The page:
The Dow Jones industrial average surged to its fifth-straight record high Friday, with a strong rally in blue-chip stocks boosting the market barometer above 8,900 for the first time.

The Dow rose 103.38 points to 8,906.43, finishing the week with more than a 300-point gain. Most broad-market indexes also reached record highs, except for the Nasdaq, which fell to a selloff in technology stocks.Volume was particularly strong due increased trading related to "triple witching," the expiration of certain options and futures.

"There are lots of excuses out there that could pull this market back," said Alfred E. Goldman, director of market analysis at A.G. Edwards & Sons Inc. in St. Louis. "But this market is still strong and there is still money on the sidelines that wants in."

With no new economic news released Friday, investors focused on the market's recent climb. All week, investors have favored buying stocks, brushing off lingering concerns over wage inflation and lower earnings projections.

Since the beginning of the year, the Dow has climbed more that 12 percent.

"We had a bad market in the fourth quarter, with investors worrying that the economy would slow too much or feared something even worse," said Hugh Johnson, chief investment officer at First Albany Corp. "In 1998, investors have gotten over that worry and feel more confident in this economy."

Among the biggest gainers in Friday's market were tobacco stocks, following an Indiana jury's decision that the tobacco industry was not liable in the cancer death of a nurse exposed to secondhand smoke. Philip Morris gained 1 11/16 to 43 1/16, and Loews rose 3 3/16 to 107 9/16.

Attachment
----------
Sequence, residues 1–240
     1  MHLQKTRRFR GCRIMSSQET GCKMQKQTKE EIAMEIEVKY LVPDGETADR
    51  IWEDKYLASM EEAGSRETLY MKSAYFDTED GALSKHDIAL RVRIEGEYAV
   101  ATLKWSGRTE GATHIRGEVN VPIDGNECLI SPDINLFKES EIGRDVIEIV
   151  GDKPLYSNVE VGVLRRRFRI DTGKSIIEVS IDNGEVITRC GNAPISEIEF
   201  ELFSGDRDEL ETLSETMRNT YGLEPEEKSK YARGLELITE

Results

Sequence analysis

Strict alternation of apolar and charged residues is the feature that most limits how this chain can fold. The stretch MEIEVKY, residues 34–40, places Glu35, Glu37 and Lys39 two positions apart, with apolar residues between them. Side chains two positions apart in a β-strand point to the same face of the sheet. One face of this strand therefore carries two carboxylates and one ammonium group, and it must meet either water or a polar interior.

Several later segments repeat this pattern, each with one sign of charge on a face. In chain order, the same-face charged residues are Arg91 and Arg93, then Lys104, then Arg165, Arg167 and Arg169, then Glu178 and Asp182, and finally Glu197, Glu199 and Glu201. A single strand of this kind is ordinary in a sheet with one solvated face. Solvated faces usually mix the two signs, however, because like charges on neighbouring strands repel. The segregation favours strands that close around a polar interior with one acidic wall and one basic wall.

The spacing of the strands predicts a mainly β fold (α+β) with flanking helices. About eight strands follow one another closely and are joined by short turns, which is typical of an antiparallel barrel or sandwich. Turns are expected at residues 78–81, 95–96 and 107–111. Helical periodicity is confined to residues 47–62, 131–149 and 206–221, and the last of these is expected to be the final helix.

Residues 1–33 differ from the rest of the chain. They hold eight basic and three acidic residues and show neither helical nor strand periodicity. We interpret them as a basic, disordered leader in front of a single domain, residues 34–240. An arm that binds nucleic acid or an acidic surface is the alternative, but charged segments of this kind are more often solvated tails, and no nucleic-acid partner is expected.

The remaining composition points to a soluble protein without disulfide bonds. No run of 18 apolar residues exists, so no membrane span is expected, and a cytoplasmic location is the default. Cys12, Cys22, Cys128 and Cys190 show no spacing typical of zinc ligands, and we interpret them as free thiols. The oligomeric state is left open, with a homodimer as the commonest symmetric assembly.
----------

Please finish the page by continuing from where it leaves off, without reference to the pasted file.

Energy stocks also rallied on Friday, benefiting from a rise in oil prices after a slump in recent weeks. Chevron rose 3 1/16 to 86 7/8, the biggest gainer for the Dow, while Exxon advanced 2 5/16 to 67 1/8.

The weak link was technology stocks, which were battered as investors took profits on the market's recent rise. The sector was also hurt by another forecast of weak earnings by a technology company.

Dallas Semiconductor said that Asia's recent financial woes depressed its sales and would result in earnings below analysts' estimates.

"Tech stocks got smashed today," said Brian Belski, market analyst at Dougherty Summit Securities in Minneapolis. "This group is heavily weighed in Asia, and that makes it very vulnerable and very volatile."

The technology-laden Nasdaq composite index fell 10.82 to 1,789.16, weighed down by Intel, off 1 9/16 to 753/4, Dell Computer, off 2 5/16 to 62 7/16 and Sun Microsystems, off 2 3/16 to 42 15/16.

Advancing issues outnumbered decliners by a 4-to-3 margin on the New York Stock Exchange, where volume totaled 709.759 million shares, up from 585.69 million in the previous session.

The Standard & Poor's 500-stock list rose 9.42 to 1,099.16, the NYSE composite index rose 5.23 to 572.61 and the American Stock Exchange composite index rose 0.99 to 727.79.

Overseas, Tokyo's Nikkei stock average rose 0.9 percent, Frankfurt's DAX index rose 1.3 percent and London's FT-SE 100 was down 0.7 percent.